The task force is also implementing a number of long-term strategies for reducing water use on campus. These include changing flush valves in bathrooms, managing the air conditioning system more efficiently and using treated water to irrigate campus landscaping. “A key strategy for reducing water use in buildings was recommended by Hesham Abdel-Aziz, who suggested changing the flush valves on toilets and urinals throughout the campus,” said Rauch. “The old flush valves would get stuck and keep flushing and flushing, wasting copious amounts of water. On Abdel-Aziz’s recommendation, we decided to replace all of them with new, higher quality flush valves, so now, in order to keep flushing a toilet or urinal, you have to keep holding the flush mechanism down. The moment you take your hand off, it stops.”
The flush valve replacement program has resulted in impressive reductions in water use. In the Administration Building, which was used as a test case, water consumption dropped by 51 percent in the six months after new flush valves were installed. In the School of Sciences and Engineering (SSE), which before the flush valves were replaced was the single biggest user of water on campus, water consumption dropped by 49 percent in the four months after the change in flush valves. “We thought SSE used so much water because of all the science and engineering labs, but water usage at SSE was that high simply because there were so many bathrooms,” noted Rauch.
The installation of new flush valves, totaling 2,000 new valves in all, was completed last week. Similar to the Administration Building and SSE, other buildings fitted with the new flushing mechanisms have shown striking reductions in water use.
A second key component of the long-term water conservation strategy is managing air conditioning more wisely. “Managing air conditioning better is a ‘triple win’ for the environment,” Rauch said. “Not only does it save the energy used to chill water and the electricity used to distribute the chilled water throughout the campus, but it saves the water used for the cooling towers that are a critical part of the air conditioning system.”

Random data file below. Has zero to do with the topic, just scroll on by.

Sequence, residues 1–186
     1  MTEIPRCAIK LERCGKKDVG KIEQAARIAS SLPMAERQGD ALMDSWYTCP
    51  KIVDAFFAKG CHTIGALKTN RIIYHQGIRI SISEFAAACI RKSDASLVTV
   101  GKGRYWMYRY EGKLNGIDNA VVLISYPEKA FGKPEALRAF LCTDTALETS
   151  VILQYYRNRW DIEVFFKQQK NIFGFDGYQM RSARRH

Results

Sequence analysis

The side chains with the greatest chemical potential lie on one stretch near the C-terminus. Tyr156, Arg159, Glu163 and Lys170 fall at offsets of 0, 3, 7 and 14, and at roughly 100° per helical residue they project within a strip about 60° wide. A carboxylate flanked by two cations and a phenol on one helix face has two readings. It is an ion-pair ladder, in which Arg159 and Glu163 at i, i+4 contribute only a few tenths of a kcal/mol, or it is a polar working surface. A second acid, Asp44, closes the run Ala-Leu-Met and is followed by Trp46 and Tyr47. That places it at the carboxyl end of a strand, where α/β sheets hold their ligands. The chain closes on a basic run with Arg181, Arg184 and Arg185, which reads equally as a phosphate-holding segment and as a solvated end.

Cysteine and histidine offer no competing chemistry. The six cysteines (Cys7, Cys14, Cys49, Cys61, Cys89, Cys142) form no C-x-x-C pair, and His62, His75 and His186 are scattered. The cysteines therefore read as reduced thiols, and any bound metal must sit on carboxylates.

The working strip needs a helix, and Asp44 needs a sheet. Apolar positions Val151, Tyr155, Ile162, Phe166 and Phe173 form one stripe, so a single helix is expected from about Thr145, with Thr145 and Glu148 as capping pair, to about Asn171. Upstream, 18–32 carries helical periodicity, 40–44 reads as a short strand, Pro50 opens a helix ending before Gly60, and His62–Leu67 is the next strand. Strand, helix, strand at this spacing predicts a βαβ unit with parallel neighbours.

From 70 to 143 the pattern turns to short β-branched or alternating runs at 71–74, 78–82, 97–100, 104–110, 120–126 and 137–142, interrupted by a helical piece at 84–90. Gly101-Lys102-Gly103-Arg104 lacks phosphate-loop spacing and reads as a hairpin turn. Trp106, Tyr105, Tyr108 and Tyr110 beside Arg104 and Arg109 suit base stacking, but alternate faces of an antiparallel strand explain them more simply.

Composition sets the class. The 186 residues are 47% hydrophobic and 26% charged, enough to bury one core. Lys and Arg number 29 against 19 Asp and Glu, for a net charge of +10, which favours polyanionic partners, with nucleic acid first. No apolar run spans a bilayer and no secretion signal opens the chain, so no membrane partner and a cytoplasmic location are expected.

He added, “Over the past two years, we have been managing air conditioning much more efficiently and achieving large savings in both energy and water.” An example of better air-conditioning management is not cooling space unless it is actually being used. Auditoriums, rehearsal spaces and large lecture halls are spaces that consume large amounts of air conditioning, but are not actually being used much of the time. We no longer cool these spaces unless they are in active use.”
Another example of better air-conditioning management is not overcooling. Rauch noted that he would often find office staff members wearing sweaters in hot weather because their offices were so cold. Accordingly, the facilities team increased temperature settings through trial and error until offices were cool without being cold. The many changes in air-conditioning management over the past two years have resulted in an estimated 25 percent drop in the amount of water used to operate the air-conditioning system.
Finally, the amount of domestic (drinking quality) water used for irrigation of campus landscaping dropped from 40 percent of domestic water use to near zero last fall, when the facilities team began using treated wastewater to irrigate the New Cairo campus green spaces. “Treated wastewater is sewage water that is pumped out to a treatment plant 10 kilometers east of New Cairo,” explained Rauch. “There, they process it until it is safe to use for purposes like irrigation. Just to be sure, when the treated wastewater gets to campus, we dose it with chlorine to ensure that any remaining germs are destroyed. We also test the treated wastewater each month for toxic chemicals. So far, we have been satisfied with the quality of the treated water we use for irrigation.”
An obvious advantage of using treated wastewater instead of domestic water for irrigation is that it drastically reduces the demand for domestic water and takes pressure off AUC’s domestic water supply. Another advantage is that there are now two different sources of water that can be used for irrigation in case one or the other temporarily goes dry. “There is only so long the landscaping can wait for water during the really hot weather,” Rauch pointed out. “Now there is less risk that our beautiful campus garden will shrivel up and die.”
Rauch is confident that the nearly 60 percent projected decrease in domestic water demand, together with the nearly 60 percent increase in storage capacity, will do much to alleviate water shortages and help to keep the campus up and running through the hot summer months.